, Inc. (ADR) (BIDU), Google Inc (GOOG): China’s Slowdown Should Not Stop You From Buying

If you’re in the unhealthy habit of checking your portfolio every 20 minutes, yesterday was a bad day. On news that the Chinese economy grew by 7.7% during the first three months of 2013, stocks traded down by over 2%.

That type of GDP growth is much higher than the growth most developed nations experienced, but significantly below the 8% figure analysts were expecting. Investors are worried because demand from China has been a key factor in the global economic recovery since 2009., Inc.

That being said, the sky isn’t falling. Amid this fear, there’s one Chinese stock I think is still a great buy. Read below to find out why, and at the end, I’ll offer up access to a special premium report on the company: China’s largest search engine,, Inc. (ADR) (NASDAQ:BIDU).

Let’s compare to a contemporary
Many people refer to, Inc. (ADR) (NASDAQ:BIDU) as the “Google Inc (NASDAQ:GOOG) of China,” and rightfully so;, Inc. (ADR) (NASDAQ:BIDU)has an 80% market share of search in the world’s most populous nation.

One look at what Google Inc (NASDAQ:GOOG) has been able to accomplish over the last five years should offer some perspective on the opportunity, Inc. (ADR) (NASDAQ:BIDU) has… even if China’s growth slows.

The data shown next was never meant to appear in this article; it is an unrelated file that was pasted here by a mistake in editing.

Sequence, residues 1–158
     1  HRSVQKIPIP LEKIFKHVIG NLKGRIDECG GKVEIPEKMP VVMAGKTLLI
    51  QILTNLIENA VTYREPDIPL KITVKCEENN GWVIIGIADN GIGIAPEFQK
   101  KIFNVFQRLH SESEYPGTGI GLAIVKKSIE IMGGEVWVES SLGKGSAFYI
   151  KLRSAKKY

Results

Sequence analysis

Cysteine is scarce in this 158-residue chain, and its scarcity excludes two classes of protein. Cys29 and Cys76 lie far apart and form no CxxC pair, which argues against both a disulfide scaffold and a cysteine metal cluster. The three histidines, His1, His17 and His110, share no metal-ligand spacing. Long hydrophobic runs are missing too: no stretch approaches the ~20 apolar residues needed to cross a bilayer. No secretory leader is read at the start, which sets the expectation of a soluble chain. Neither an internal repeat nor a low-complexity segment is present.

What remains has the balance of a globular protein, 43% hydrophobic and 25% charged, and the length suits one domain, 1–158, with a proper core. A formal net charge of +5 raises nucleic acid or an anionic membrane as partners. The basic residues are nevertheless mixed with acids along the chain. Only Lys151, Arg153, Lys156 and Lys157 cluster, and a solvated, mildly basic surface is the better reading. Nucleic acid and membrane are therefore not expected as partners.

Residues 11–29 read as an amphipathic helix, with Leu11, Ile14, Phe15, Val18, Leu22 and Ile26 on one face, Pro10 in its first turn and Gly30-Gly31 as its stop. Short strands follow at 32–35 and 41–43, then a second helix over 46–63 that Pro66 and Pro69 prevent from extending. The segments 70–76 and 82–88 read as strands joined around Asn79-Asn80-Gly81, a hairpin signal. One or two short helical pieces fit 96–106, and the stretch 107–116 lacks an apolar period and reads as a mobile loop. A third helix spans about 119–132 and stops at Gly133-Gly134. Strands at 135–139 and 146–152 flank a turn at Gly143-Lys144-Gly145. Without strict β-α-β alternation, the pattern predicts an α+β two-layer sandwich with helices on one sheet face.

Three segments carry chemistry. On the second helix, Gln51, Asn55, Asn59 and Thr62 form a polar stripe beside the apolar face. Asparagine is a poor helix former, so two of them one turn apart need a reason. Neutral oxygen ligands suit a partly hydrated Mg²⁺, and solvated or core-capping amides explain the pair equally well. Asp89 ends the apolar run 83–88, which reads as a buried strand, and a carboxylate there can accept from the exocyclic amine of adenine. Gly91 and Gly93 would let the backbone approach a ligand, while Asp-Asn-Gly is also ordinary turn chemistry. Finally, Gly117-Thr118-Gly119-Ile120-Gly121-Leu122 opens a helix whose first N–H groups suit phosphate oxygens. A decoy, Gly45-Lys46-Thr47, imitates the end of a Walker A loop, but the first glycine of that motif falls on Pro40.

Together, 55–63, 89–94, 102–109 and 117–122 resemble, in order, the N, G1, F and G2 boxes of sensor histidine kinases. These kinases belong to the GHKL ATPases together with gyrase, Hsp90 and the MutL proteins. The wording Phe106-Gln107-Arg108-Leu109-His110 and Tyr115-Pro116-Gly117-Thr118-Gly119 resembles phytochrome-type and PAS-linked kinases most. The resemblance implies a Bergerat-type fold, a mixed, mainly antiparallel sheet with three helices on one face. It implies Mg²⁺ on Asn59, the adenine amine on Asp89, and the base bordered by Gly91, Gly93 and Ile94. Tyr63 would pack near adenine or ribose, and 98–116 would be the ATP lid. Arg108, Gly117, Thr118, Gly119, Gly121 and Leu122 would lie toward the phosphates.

US GDP Chart

U.S. GDP data by YCharts.

Granted, the United States only makes up about half of Google Inc (NASDAQ:GOOG)’s revenue . But that 10% growth equates to just about 2% annual GDP growth per year. China’s economy is growing almost four times faster.

But during this time frame, Google Inc (NASDAQ:GOOG)’s revenue grew by 20.7% and earnings by 16.2% per year. That’s a huge disconnect between GDP growth in the States.

How important is the macro picture?
Make no mistake about it; the macro environment does have an effect on how a company performs. But the degree of this effect is vastly different depending on the industry you are talking about.

If we were comparing railroads, there would be a significant correlation between GDP and revenue/earnings growth. If fewer products are being made and consumed, then there’s going to be less stuff sent over the railroads.

That’s simply not the case, however, when it comes to the Internet and search engines. Remember, Google Inc (NASDAQ:GOOG) still makes the lion’s share of its money from advertising. As more and more people used Google Inc (NASDAQ:GOOG) to make Internet searches over the last five years — especially from mobile devices using the Android platform — more and more companies were willing to pay Google to deliver personalized advertisements.